Broadening our Understanding of Gender-Based Violence

In our first article on Gender-Based Violence (GBV), we responded to the recent spike in the number of incidents of the abuse and deaths of women and children in South Africa and we thereafter shared a list of actions that Pastors, other leaders and men can undertake in addressing violence against women and children, in their congregations and in surrounding communities:
https://afm-ags.org/addressing-violence-against-and-abuse-of-women-and-children-the-role-of-pastors-other-church-leaders-and-men-3-july-2020-4/

We therefore felt that it was important to ensure that all of us have the same understanding of what is meant with GBV i.e. violence or abuse of Women, before we venture into articles that provide more details on the proposed actions referred to above. It should be noted GBV is a sensitive topic and that there are different forms of GBV. It is therefore important to understand the concepts and nuances, which is the purpose of this article.

The World Health Organisation’s Key Facts on Violence Against Women

• Violence against women – particularly intimate partner violence and sexual violence – is a major public health problem and a violation of women’s human rights.
• Global estimates published by the World Health Organisation (WHO), indicate that about 1 in 3 (35%) of women worldwide have experienced either physical and/or sexual intimate partner violence or non-partner sexual violence in their lifetime.
• Most of this violence is intimate partner violence. Worldwide, almost one third (30%) of women who have been in a relationship report that they have experienced some form of physical and/or sexual violence by their intimate partner in their lifetime.
• Globally, as many as 38% of murders of women are committed by a male intimate partner.
• Violence can negatively affect women’s physical, mental, sexual, and reproductive health, and may increase the risk of acquiring HIV in some settings.
• Some of the contributing factors that make it more likely for men to become perpetrators of violence include having low education, a history of being abused as a child, exposure to domestic violence, harmful use of alcohol, unequal gender norms including attitudes accepting of violence, and a sense of entitlement over women.
• Similarly, some of the contributing factors that make it more likely for women to experience intimate partner violence is if they have low education, exposure to mothers being abused by a partner, abuse during childhood, attitudes of accepting violence, male privilege, and women’s subordinate status.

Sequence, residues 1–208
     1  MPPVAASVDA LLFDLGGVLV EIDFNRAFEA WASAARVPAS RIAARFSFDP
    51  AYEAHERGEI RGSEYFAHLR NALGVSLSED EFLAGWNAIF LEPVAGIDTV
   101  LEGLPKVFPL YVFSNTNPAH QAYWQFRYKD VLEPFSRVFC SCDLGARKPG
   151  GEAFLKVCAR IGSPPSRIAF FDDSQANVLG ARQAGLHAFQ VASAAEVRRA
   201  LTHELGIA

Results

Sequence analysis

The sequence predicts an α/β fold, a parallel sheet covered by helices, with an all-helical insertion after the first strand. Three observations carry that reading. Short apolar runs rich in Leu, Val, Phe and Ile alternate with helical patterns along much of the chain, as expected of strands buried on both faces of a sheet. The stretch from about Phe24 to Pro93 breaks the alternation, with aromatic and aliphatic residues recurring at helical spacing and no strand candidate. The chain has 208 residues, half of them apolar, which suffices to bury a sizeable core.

• There is evidence that advocacy and empowerment counselling interventions, as well as home visitation are promising in preventing or reducing intimate partner violence against women.
• Situations of conflict, post conflict and displacement may exacerbate existing violence, such as by intimate partners, as well as and non-partner sexual violence, and may also lead to new forms of violence against women.

Understanding The Various Concepts Related To Violence Against Women

Violence against women is a persistent and universal problem occurring in every culture and social group. Around the world, at least one in every three women has been physically assaulted, coerced into sex, or otherwise abused in her lifetime – most often by someone she knows, including a member of her own family, an employer or a co-worker.

Violence against Women. The United Nations defines violence against women as “any act of gender-based violence that results in, or is likely to result in, physical, sexual, or mental harm or suffering to women, including threats of such acts, coercion or arbitrary deprivation of liberty, whether occurring in public or in private life.”

Gender-Based Violence. Though most documents use the terms Violence against Women and GBV interchangeably, the following points and definition suggest a slight difference:

Gender-based violence is not exclusively a woman’s concern. It is both a cause and a consequence of gender perceptions. GBV can be broadly defined as “the general term used to capture violence that occurs as a result of the normative role expectations associated with each gender, along with the unequal power relationships between genders, within the context of a specific society.”

It should be noted that in some cultures GBV is violence against women based on women’s subordinate status in society. It includes any act or threat made by men or male dominated institutions that inflict physical, sexual, or psychological harm on a woman or girl because of their gender. In most cultures, traditional beliefs, norms and social institutions legitimise and therefore perpetuate violence against women.

So whilst it is true that some types of violence against women (and men) are perpetrated by women, the majority of GBV perpetrators are men.

Domestic Violence. Domestic abuse is defined as an incident or pattern of incidents of controlling, coercive, threatening, degrading and violent behaviour, physical violence or threats of violence, including sexual violence, assault and or harassment, in the majority of cases by a partner or ex-partner, but also by a family member or carer. Domestic Violence is very common. In the vast majority of cases it is experienced by women and is perpetrated by men.